Kosher Meat Scandal Hits Los Angeles Market

Video Shows Non-Kosher Products Being Brought Into Shop

Is it Kosher?: Meat at the popular Los Angeles market, Doheny, may not be kosher.
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Is it Kosher?: Meat at the popular Los Angeles market, Doheny, may not be kosher.

By Renee Ghert-Zand

Published March 29, 2013.

Los Angeles Jews are reeling from a kosher meat scandal that hit the community on Sunday, just a day before the beginning of Passover.

In what The Jewish Journal is calling “the biggest kosher scandal to hit Los Angeles in 20 years,” Doheny Glatt Kosher Meats on Pico Boulevard, in the heart of the city’s Orthodox neighborhood, lost its kosher certification from the Rabbinical Council of California after owner Mike Engelman was videotaped instructing workers to bring boxes of product in to the store when a mashgiach (kashrut supervisor) was not present.

The news of Doheny’s being stripped of its certification made the local 10 p.m. television news on Sunday. The KTLA report showed the surveillance video made by private investigator Eric Agaki, who had been looking into operations at the market for several months in response to rumors that had been circulating about problems there. Agaki, who also uncovered 5,000 fraudulent “glatt kosher” stickers that could be affixed to any package, conducted his investigation independent of the RCC.

RCC staff members, Rabbi Kalman Topp, the spiritual leader of Beth Jacob, the largest Orthodox synagogue in Pico-Robertson, Rabbi Elazar Muskin of Young Israel of Century City and Rabbi Yosef Kanefsky of B’nai David-Judea gathered with other Orthodox leaders to view the videotapes only hours before they were set to be broadcast on KTLA.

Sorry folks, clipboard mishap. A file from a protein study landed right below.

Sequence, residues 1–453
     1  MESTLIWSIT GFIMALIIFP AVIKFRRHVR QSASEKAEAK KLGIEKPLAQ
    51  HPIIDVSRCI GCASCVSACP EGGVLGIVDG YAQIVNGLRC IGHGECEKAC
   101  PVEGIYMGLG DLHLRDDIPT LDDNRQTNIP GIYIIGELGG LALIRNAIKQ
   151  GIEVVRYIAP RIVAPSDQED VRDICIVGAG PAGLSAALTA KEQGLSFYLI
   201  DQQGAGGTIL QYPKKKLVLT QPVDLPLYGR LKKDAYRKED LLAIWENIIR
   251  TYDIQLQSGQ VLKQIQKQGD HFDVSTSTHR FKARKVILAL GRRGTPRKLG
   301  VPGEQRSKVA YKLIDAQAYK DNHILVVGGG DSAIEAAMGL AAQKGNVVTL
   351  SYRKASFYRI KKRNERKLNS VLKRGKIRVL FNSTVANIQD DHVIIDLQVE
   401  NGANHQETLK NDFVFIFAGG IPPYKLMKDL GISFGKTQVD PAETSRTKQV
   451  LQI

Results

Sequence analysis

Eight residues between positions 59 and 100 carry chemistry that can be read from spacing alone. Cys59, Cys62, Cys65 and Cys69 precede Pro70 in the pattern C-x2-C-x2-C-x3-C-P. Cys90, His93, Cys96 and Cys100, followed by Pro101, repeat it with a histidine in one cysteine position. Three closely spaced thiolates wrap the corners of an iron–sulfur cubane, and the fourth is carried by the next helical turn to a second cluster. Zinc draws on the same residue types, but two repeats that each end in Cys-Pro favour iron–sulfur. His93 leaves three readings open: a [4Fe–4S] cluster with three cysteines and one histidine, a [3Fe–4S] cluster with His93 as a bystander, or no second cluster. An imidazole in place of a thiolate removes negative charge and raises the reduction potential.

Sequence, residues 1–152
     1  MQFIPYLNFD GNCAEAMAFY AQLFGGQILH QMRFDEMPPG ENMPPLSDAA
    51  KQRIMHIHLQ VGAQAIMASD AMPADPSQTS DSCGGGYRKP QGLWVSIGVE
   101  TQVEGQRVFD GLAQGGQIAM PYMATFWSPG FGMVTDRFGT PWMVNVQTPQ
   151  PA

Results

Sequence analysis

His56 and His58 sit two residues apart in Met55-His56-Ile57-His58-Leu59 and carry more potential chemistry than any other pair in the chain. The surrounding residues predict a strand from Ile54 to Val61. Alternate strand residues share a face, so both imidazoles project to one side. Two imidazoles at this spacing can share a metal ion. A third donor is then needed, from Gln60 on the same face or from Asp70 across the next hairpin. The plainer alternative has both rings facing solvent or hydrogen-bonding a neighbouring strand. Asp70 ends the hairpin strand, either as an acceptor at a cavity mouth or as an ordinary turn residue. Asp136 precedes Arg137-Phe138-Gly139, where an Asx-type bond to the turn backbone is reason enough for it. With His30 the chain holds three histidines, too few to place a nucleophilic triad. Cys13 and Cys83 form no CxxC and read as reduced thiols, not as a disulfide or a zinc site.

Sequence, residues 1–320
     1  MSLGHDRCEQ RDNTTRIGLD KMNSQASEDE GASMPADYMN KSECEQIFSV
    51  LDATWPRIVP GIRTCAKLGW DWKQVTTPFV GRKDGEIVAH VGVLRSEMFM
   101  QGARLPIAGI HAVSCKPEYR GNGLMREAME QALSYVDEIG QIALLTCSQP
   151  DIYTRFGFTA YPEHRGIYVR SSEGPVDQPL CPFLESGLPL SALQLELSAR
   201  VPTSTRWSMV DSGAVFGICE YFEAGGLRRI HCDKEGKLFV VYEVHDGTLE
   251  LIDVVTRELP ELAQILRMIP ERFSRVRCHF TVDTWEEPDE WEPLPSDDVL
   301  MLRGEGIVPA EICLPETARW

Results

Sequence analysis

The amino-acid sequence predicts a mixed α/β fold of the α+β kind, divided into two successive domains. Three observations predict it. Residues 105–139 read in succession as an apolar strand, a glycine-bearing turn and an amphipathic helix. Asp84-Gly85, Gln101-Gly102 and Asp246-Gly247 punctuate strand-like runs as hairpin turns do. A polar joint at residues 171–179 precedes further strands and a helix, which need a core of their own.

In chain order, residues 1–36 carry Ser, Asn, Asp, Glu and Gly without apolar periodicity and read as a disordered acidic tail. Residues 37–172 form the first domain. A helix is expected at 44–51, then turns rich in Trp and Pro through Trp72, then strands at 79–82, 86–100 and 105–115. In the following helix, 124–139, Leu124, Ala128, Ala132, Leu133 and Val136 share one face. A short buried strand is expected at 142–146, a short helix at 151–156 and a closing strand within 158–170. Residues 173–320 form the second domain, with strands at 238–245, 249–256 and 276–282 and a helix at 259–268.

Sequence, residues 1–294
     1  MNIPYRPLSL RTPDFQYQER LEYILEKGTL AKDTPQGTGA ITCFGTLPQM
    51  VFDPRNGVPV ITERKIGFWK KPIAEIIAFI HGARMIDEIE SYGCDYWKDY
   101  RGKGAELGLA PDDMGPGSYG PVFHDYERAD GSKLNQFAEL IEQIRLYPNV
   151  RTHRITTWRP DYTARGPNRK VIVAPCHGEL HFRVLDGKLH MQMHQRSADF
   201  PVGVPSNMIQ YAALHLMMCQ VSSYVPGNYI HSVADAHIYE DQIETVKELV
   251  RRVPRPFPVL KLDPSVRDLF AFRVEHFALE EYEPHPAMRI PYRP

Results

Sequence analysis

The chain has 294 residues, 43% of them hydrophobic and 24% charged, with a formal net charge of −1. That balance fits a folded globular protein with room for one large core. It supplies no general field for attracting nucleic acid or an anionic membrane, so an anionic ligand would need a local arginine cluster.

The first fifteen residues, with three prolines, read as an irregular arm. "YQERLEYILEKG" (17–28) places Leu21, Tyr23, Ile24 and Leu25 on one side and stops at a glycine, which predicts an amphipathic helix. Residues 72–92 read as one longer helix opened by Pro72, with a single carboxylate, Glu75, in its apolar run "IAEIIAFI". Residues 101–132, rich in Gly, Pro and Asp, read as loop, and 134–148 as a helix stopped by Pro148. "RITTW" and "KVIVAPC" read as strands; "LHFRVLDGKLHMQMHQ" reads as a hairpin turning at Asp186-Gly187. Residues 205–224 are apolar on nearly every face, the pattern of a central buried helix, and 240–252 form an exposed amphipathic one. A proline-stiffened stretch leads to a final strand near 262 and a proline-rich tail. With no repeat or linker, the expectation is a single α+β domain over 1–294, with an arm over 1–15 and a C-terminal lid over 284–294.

Engelman, who was called in to speak with the rabbis, admitted to bringing unsupervised food into the store, which as been in business for 28 years. However, he maintained that he never brought un-kosher meat into the store, and that the boxes seen on the video contained kosher chicken.

The RCC issued an email announcement that it had “removed its kosher supervision, for cause, from Doheny Kosher Meats,” but that all meat purchased before 3 p.m. on Sunday was still considered kosher.

“I pay too much for meat as it is, and to know I can’t trust [Doheny] anymore is really sad,” a kosher food shopper told The Jewish Journal.

Blogger Rabbi Eliyahu Fink warns consumers against jumping to negative conclusions. Doheny opened for business on Thursday with a new kosher certification signed by Rabbi Meshulom Dov Weiss, an authority who had certified the market several years ago when its meat was merely kosher (and not the more stringent glatt kosher). Fink interviewed Weiss’ son Rabbi Menachem Weiss, the assistant rabbi at Nessah Synagogue, who is trying to help Doheny recover from the scandal.

Weiss claims that the video was recorded not at Doheny, but rather at a different meat market owned by Engelman’s brother-in-law. He also asserted that the investigation at Doheny revealed breaches in protocol, but not substantive transgressions of kashrut. Weiss is working with Engelman on establishing better protocols, which he believes should clear up any doubts about Doheny.

“It seems that the problems with Doheny Kosher Meat are more procedural than substantive,” Fink wrote. “Until the RCC makes a substantive claim there is no reason to think otherwise.”



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